A teacher at a prominent business school takes her students through a simple exercise each semester. Every student must register a new company, which means paying a $60 fee and describing the purpose of the enterprise on a form. The professor’s teachable moment is this: Purpose is the starting point, and as the principal of the business, you get to decide what it is.
This lesson seems to have been lost on a generation of business graduates who have been steeped in theory and practice aligned with “shareholders first” as the central organizing principle and primary success metric of business. Today, we are witnessing a revival of this central question in both board rooms and classrooms. What is the purpose of business? And more specifically, what is the purpose of business corporations and their role in society?
The Business & Society Program decided to go to the source to find out, through our new study, “Unpacking Corporate Purpose.” Now available online, it will be the backbone of continued dialogue on the role of the corporation in society, and how to build a business culture (values, supported by decisions, rules, and incentive systems) that is aligned with the health of the system on which the business depends.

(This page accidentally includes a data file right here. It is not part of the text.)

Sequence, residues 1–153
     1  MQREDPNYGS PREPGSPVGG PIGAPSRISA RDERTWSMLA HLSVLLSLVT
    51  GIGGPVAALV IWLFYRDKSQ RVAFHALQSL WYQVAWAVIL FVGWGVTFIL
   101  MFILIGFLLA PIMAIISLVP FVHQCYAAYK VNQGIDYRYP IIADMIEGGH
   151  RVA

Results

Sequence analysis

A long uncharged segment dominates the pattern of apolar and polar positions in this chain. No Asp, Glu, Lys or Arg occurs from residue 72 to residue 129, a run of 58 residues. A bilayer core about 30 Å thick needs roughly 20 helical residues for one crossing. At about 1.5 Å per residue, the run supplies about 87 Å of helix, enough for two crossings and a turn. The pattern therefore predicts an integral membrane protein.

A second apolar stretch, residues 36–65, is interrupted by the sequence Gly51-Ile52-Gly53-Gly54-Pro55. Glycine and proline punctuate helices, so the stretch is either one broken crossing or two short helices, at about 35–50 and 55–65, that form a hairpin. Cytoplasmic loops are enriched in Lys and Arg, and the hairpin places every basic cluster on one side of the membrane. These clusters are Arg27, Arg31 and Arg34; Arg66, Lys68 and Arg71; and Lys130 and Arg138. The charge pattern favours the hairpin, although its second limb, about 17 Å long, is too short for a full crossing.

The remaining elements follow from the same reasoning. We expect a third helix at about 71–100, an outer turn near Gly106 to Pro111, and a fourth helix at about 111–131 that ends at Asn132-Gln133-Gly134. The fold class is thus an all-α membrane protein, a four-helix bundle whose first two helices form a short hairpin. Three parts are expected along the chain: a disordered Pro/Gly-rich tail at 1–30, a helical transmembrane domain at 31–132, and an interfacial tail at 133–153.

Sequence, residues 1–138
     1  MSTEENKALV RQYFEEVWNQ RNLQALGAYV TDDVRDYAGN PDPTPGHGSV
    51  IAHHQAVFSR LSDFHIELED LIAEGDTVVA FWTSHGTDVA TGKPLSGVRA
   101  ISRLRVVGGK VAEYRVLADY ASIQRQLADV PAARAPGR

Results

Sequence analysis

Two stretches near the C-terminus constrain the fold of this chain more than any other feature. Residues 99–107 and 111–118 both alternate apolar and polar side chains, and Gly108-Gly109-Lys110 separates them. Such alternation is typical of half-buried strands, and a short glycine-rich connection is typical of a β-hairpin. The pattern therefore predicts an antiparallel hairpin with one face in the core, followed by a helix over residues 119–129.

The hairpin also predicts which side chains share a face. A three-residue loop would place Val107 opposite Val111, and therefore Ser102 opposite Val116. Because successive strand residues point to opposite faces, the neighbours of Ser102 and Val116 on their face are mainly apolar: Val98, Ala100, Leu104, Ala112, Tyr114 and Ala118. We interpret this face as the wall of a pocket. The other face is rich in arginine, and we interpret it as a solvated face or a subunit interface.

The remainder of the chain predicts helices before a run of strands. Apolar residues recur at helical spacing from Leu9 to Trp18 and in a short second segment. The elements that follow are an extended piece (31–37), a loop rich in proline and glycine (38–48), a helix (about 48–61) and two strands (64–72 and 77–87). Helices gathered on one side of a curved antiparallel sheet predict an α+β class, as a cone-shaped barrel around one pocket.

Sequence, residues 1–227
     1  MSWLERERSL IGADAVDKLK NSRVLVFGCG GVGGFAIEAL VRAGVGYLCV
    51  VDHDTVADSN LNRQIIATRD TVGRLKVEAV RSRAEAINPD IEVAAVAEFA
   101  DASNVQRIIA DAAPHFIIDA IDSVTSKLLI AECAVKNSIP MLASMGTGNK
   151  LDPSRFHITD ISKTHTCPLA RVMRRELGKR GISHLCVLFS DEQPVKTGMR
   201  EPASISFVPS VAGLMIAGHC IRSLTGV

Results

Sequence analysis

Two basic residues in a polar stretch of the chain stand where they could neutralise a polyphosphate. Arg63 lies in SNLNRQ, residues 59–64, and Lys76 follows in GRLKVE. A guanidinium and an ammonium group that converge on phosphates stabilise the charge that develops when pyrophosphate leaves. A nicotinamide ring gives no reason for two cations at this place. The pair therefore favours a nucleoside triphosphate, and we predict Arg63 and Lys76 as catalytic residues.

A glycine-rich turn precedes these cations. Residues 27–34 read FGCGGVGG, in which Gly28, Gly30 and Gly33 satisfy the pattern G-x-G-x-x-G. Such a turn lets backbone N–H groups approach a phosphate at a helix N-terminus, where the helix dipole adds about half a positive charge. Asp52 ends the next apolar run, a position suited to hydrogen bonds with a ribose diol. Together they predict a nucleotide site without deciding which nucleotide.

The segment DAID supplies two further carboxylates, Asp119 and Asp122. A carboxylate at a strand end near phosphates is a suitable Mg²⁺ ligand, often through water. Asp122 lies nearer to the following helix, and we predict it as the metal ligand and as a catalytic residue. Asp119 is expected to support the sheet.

In late 2013, we commissioned in-depth interviews with 28 leaders and educators in business and finance from organizations as diverse as BlackRock, Harvard University, Kellogg School of Management, Kroger, and LinkedIn. The researchers probed what the respondents think about this question of purpose, where they derived their beliefs, and what they consider the hallmarks of a successful business. Some of the participants preferred the convention of “shareholder value” as the purpose of a business corporation; most interpreted the question more broadly. All were passionate about the question.
Our thanks to the Rodel Foundation whose grant made this study possible.